October 20th, 2019

Solar power’s relevancy on the rise

By Collin Gallant on April 11, 2017.

NEWS PHOTO EMMA BENNETT The Shortgrass Library System office installed solar panels in the fall of 2015.


Getting a cheque at the end of the month, rather than a power bill, is a tantalizing selling point for home and business owners considering installing solar panels.

That day has not yet arrived in Medicine Hat, but soon could, say several industry observers as well as the city’s own utility office.

“This is possible,” said Jaret Dickie, utilities business support office manager.

“There are a lot of variables to consider with this — the size of the microgeneration system, the consumption on site, etc.”

The City of Medicine Hat has 120 customers with bi-directional metering — a process measuring power going in to buildings, but also power exported back onto the grid, usually from solar panels.

Typically a home’s power needs are greater than its solar system’s production capacity over the course of a 24-hour day, let alone a month.

Some smaller systems might not be enough to completely supplant power imports even during daylight hours.

Also, since energy is hard to store, while power might be put on the system when the sun is shining, power imports are needed at night.

The city meters the energy use to and from, then credits exports to bills.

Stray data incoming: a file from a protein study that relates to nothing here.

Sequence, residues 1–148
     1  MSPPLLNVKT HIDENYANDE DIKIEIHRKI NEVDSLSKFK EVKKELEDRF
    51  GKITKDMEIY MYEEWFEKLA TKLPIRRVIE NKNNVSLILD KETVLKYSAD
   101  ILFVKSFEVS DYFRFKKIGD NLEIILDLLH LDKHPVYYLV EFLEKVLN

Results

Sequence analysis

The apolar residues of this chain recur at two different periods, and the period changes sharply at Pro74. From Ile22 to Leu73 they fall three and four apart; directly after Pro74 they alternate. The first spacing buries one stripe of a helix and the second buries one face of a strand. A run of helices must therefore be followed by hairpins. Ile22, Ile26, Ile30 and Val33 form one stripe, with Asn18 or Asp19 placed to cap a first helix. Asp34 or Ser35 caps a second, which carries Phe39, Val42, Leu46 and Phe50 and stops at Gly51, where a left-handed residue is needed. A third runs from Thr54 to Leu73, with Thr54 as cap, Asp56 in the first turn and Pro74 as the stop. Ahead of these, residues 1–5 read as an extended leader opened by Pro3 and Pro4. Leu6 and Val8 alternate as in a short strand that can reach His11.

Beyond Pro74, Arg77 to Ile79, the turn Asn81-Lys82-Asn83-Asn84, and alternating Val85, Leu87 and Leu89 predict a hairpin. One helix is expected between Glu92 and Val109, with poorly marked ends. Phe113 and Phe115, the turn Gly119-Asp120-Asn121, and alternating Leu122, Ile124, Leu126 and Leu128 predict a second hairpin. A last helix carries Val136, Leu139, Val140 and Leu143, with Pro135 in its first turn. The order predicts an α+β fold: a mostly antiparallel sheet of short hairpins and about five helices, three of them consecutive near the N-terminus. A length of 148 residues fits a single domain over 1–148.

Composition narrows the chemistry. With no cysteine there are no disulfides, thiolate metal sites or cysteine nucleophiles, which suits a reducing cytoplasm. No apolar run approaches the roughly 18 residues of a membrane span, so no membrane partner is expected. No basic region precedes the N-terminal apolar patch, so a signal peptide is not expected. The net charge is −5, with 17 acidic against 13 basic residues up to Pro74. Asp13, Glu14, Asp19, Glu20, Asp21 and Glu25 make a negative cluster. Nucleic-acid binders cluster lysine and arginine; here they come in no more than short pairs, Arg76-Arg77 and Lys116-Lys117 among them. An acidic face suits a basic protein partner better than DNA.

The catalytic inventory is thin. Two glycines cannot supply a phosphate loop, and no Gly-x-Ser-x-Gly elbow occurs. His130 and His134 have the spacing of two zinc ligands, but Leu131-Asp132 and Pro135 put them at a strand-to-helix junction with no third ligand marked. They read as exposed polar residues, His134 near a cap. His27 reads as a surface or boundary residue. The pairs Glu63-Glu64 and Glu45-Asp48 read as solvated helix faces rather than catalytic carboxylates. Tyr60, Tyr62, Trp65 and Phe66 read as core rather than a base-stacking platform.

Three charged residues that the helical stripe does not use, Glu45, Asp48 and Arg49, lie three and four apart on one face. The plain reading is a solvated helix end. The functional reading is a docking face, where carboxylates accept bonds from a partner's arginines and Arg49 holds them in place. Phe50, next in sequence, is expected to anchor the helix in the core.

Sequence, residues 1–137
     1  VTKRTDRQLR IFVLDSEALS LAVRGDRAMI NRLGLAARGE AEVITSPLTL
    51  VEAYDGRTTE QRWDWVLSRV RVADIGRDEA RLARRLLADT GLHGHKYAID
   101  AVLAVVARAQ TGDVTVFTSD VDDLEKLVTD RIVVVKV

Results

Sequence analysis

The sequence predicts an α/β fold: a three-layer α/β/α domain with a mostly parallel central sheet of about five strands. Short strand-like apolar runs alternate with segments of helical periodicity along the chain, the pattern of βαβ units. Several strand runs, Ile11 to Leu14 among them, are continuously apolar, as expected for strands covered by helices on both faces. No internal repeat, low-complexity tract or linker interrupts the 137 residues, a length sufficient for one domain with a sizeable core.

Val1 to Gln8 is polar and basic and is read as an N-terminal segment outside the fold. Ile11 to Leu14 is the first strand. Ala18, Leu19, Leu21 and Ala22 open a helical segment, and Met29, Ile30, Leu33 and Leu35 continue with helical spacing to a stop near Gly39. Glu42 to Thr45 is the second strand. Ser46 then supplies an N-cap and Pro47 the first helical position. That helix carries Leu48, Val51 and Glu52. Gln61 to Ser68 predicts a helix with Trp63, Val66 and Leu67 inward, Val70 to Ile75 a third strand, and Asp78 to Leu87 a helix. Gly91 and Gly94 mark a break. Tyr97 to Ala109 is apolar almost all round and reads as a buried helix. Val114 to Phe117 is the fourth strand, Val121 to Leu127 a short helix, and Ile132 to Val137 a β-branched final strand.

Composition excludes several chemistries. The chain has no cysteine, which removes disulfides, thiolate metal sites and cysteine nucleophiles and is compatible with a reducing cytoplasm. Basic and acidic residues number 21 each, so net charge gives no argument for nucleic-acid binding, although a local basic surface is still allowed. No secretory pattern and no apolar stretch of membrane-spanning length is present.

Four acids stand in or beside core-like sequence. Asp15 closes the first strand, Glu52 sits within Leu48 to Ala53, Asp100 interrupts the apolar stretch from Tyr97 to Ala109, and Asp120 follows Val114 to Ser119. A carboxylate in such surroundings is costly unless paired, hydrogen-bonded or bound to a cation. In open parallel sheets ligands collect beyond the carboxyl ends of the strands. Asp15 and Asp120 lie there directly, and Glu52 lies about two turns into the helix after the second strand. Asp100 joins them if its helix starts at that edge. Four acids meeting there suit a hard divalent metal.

So far though, while it reduces costs, it hasn’t yet eliminated imports or put a customer in a net position (exporting more than importing) for an entire billing period.

That might change next summer.

Two schools in Medicine Hat, planned to be operating next year, will have large solar arrays included.

They will produce the most power during the summer, when usage at the schools will be minimal.

That could see negative billing over the course of a few months, then see credits built up to be paid on powerbills in the autumn.

Marcus Campbell, who designs and installs systems with Terralta Inc., said while “a payout” has not yet taken place, solar power has cut into power bills.

Also, he states, the sector is expanding to the point where net money to panel owners may become common.

“There is the potential,” he said. “I’ve modelled a number of systems this year in which we’re meeting and offsetting all of the customer’s electrical needs.”

He expected to install about 20 residential systems this year, and says interest is high, partly because of grants both by the city’s HatSmart program and provincial programs to partly pay for solar installations.

The province’s electric system operator announced this month that it will study regulatory related to micro-generation.

“Realistically, systems (in Alberta) are not allowed to be installed to make a profit,” said Campbell of current regulations.

“The solar system offsets the consumption of the home, whatever extra is produced is pushed back onto the grid.”

That rolls forward to the next month, he said, meaning the idea of collecting cheques is not really possible.

Campbell said cost savings that are often cited when a system “pays for itself” involve avoiding costs are complicated to decipher and need to be better understood.

Because the home is importing less actual electricity, it is charged less — not only for the bare commodity but on a variety of non-commodity charges linked to consumption levels.

He said a customer saves not only on the bare cost of power, about three cents per kilowatt this month), but also on lower amounts charged for administration, capacity, facilities upkeep and, ironically, the city’s “Going Green” surcharge that buys wind power.

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